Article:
Love Parade im Mittelalter: Dancing Plaques, 1374

Im tiefsten Spätmittelalter wurden weite Teile von Nord-Frankreich und den Niederlanden von einer Tanz-Plage heimgesucht und hunderte Leute tanzten tagelang mit blutenden Füßen. Wait, what?

The year was 1374. In dozens of medieval towns scattered along the valley of the River Rhine hundreds of people were seized by an agonising compulsion to dance. Scarcely pausing to rest or eat, they danced for hours or even days in succession. They were victims of one of the strangest afflictions in Western history. Within weeks the mania had engulfed large areas of north-eastern France and the Netherlands, and only after several months did the epidemic subside. In the following century there were only a few isolated outbreaks of compulsive dancing. Then it reappeared, explosively, in the city of Strasbourg in 1518. Chronicles indicate that it then consumed about 400 men, women and children, causing dozens of deaths (Waller, 2008).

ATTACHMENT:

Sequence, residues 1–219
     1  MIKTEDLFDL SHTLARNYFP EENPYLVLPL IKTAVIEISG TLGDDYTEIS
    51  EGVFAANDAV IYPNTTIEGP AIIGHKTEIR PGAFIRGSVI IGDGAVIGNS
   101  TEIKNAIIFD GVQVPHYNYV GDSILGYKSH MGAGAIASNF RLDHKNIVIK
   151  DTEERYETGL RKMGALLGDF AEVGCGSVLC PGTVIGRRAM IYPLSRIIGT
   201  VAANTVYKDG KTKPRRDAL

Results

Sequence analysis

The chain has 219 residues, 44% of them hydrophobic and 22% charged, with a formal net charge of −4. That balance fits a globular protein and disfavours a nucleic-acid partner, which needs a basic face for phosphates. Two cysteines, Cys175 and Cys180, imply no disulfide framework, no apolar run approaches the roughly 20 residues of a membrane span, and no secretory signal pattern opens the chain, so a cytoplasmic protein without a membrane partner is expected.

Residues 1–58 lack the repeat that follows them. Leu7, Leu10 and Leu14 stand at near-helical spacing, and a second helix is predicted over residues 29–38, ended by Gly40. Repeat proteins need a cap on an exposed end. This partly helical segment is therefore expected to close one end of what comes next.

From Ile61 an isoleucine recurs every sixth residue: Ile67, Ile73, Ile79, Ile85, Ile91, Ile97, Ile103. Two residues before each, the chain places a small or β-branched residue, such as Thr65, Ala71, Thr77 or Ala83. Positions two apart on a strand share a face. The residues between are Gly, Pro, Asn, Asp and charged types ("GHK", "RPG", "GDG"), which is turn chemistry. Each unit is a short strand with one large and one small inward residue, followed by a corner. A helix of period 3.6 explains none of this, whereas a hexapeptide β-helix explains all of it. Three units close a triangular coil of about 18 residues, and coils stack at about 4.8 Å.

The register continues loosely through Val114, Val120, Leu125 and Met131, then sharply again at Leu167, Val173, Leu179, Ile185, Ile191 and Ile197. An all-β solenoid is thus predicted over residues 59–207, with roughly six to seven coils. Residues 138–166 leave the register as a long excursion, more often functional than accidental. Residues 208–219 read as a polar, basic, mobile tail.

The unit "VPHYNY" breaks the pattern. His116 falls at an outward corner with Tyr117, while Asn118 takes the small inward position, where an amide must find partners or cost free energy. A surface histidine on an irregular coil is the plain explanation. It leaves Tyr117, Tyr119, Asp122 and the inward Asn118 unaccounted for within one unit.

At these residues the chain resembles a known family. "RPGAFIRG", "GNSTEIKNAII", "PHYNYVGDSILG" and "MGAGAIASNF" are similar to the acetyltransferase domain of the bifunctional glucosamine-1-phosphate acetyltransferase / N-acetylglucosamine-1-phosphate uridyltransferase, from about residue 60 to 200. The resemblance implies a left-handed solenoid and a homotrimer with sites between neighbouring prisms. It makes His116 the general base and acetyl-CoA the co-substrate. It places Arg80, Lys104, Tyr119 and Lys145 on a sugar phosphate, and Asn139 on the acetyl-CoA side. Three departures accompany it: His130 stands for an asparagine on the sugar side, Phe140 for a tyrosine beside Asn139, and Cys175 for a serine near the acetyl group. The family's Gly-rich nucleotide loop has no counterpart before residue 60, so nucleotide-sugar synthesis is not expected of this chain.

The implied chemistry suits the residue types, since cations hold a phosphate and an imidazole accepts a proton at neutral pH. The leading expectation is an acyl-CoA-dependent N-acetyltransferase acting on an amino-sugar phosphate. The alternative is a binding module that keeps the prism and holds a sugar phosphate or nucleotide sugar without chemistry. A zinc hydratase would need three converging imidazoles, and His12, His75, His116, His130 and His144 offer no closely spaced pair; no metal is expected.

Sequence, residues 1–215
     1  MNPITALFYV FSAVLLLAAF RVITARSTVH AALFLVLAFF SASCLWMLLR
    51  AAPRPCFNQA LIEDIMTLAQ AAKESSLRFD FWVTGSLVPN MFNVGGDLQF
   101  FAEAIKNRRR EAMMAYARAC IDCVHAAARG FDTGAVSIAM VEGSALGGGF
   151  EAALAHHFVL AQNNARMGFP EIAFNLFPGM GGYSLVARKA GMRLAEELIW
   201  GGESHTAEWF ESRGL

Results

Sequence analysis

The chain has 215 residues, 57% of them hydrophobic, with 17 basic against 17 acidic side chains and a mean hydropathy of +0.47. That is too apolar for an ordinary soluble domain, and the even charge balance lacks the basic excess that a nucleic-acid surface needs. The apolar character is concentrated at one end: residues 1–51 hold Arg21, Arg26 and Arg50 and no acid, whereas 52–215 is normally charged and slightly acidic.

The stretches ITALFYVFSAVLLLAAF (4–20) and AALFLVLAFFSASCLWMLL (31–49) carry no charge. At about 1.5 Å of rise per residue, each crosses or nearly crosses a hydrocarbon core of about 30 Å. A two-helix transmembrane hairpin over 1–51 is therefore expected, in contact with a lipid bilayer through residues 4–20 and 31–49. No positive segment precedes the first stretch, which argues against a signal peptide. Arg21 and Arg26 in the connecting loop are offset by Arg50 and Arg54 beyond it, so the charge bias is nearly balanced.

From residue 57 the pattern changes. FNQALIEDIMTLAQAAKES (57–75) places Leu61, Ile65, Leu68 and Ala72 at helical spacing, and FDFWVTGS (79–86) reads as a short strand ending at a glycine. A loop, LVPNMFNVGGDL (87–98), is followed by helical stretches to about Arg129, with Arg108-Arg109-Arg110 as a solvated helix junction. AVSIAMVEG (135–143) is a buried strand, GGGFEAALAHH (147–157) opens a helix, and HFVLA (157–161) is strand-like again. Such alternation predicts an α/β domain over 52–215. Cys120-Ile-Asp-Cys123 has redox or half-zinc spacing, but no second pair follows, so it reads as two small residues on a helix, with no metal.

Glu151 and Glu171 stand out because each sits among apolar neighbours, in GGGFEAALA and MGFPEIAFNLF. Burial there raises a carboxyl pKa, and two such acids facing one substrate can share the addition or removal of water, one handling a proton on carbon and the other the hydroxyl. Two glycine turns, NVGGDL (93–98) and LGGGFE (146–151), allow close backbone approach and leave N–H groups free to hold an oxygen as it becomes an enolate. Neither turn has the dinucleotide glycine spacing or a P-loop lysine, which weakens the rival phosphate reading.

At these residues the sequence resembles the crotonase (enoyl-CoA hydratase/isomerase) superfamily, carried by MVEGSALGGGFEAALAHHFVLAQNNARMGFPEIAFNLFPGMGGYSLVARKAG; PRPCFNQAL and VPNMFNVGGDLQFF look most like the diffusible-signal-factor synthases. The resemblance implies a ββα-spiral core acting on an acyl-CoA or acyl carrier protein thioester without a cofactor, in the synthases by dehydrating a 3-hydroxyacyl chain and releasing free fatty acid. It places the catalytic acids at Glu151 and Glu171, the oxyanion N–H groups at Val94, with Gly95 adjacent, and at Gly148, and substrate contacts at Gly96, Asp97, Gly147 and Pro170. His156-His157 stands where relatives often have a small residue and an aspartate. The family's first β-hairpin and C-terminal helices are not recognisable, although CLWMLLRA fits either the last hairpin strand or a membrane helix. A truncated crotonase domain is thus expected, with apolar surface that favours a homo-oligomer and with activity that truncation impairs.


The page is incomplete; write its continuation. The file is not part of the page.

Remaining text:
Dancing plagues and mass hysteria (via BoingBoing)

Meine Erklärung wäre ja irgendeine Substanz, die auf irgendeinem natürlichen Weg in den Rhein gelangt ist. Vielleicht haben mittelalterliche Pilzsammler vergammelte Pfifferlinge in den Rhein gekippt und die Leute sind ausgeflippt. Vielleicht spielten aber auch einfach nur Santogold auf einem Festival:


(Youtube Direktaltaberpasst)